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How We Protect Your Online Security

Internet Banking Services

J.P. Morgan is serious about safeguarding your online business information and provides “defense in depth” for online websites, such as J.P. Morgan ACCESS. Key features of risk management for online system access include:

  • Secure customer and user on-boarding processes
  • Controlled user access with “separation of duties”
  • Multi-factor user authentication security
  • Increased security credential requirements for more sensitive functionalities

Additional Security Elements

Additional detailed security features include:

  • Session inactivity timeout
  • Required password changes
  • Automated user ID inactivation for unused IDs
  • User education
  • Alerts
  • Blocking of unsupported operating systems and browsers

J.P. Morgan Environment

J.P. Morgan uses secured facilities in support of online banking operations. Key features include:

  • Secured data centers
  • Network firewalls
  • Intrusion detection
  • Network and system monitoring
  • Disaster recovery with rapid-response capabilities
  • Rigorous change management
  • Penetration testing
  • Computer incident response team

Weblinking Practices (links to Third-Party sites)

J.P. Morgan may provide a hyperlink to information, products or services offered on websites that are owned or operated by other companies (third-party websites). J.P. Morgan does not endorse, approve or guarantee information, products, services or recommendations provided at a third-party website. J.P. Morgan shall not be responsible for any loss or damage resulting from the use of a link on its websites, nor will it be liable for any products or services advertised or provided on these linked sites.

Here are some tips to help you tell if you have left a J.P. Morgan website:

  • Instead of a J.P. Morgan address, the URL of the linked website appears in the location box (or address field) of your web browser
  • The linked website may appear in a new browser window. The appearance of the linked site, including its colors and graphic design, is different from the J.P. Morgan site

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Types of Cyber Fraud

Criminals and scammers use a variety of methods to obtain your personal or organizational information. These include:

Email Fraud

Email fraud is usually harsh, demanding and threatening. Please remember these are not legitimate messages; Do NOT reply to these messages.

Email spoofing: Forging an email header so that the message appears to have originated from someone or somewhere other than the actual source. Although most spoofed email falls into the “nuisance” category and requires little action other than deletion, the more malicious varieties can cause security risks and other problems. For example, spoofed email may purport to be from someone within your company or a vendor with which your company has a relationship. These emails may contain new payment instructions or changes to the beneficiary account on a recurring payment.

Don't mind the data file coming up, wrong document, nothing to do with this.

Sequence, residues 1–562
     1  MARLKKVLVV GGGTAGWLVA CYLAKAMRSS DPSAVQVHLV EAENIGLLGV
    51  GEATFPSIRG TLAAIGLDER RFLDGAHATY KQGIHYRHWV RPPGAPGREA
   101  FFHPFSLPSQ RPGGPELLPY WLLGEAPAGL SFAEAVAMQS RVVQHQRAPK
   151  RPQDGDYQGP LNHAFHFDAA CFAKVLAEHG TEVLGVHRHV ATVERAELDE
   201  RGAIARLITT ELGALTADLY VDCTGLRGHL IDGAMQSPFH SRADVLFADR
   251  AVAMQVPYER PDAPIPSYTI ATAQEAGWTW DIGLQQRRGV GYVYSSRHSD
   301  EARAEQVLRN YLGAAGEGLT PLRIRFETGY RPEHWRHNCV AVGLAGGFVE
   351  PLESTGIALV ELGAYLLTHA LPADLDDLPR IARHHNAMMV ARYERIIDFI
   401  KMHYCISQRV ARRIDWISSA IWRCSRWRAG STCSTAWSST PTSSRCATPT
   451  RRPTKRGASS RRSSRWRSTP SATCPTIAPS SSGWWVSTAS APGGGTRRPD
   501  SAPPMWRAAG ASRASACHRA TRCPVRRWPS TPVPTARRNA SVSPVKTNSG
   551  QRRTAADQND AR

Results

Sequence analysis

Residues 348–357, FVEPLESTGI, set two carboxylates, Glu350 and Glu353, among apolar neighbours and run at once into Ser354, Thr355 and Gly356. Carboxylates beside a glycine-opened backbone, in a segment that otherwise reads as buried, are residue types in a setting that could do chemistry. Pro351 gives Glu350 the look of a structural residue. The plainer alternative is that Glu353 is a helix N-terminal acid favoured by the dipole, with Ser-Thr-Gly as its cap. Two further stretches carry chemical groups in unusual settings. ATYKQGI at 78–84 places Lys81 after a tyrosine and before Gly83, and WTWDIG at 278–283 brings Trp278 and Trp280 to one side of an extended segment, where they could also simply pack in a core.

• Be very suspicious of emails from the CEO, Director, etc. that direct you to transfer a large amount of funds
  • Verify all instructions verbally with the sender

Phishing: When criminals use email to try to lure you to fake websites, where you are asked to disclose confidential financial and/or personal information.

How to recognize common Phishing tactics:

  • You do not recognize the “From” email address as valid
  • The email requests you to verify your account/personal information (account number, user ID, password, etc.)
  • A hyperlink within the email address does not display the actual address
  • The email conveys a sense of urgency or threatens some dire consequence if you do not respond

Never respond to any email that:

  • Requires you to click a link, open an attachment, confirm, verify or refresh account information
  • Asks for personal or organizational information
  • Asks you to enter your user ID, password or account number(s) into an email or non-secure webpage
  • Threatens to close or suspend your account if you do not take immediate action by providing specific information about you or your company

Impersonation Fraud

Occurs when someone assumes your identity to perform a fraud or other criminal act. Criminals can get the information they need to assume your identity from a variety of sources, such as the theft of your wallet, your trash or from credit or bank information. They may approach you in person, by telephone, text message or on the Internet and ask you for the information.


  • J.P. Morgan will not send email notifications stating your account has been compromised or passwords need to be changed
  • J.P. Morgan will never ask you for your password
  • We will never call you to offer log-in assistance unless you have contacted us first
  • When you call J.P. Morgan, only call your J.P. Morgan ACCESS Regional Help Desk or your J.P. Morgan representative

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Additional Security Resources

J.P. Morgan offers the following resources to help you understand security best-practices.

General Reference

J.P. Morgan Payments Fraud Protection
Knowledge and awareness are the strongest defense against fraud scams. Learn how to identify and prevent fraud at your company.

AFP Payments Fraud & Control Survey
Learn what your colleagues are saying and doing about payments fraud. Read the results of the 2014 AFP Payments Fraud & Control Survey.

Third-party websites

OnGuard Online
Practical tips from the federal government and the technology industry to help you secure your computer, be on guard against Internet fraud and protect your personal information.

Federal Trade Commission (FTC)
Learn about the appropriate steps to take to prevent and protect against identity theft.

American Bankers Association
Cyber security is more important than ever for users of online banking, both personally and at work. Visit this site to learn more about the best practices and current news relating to online security.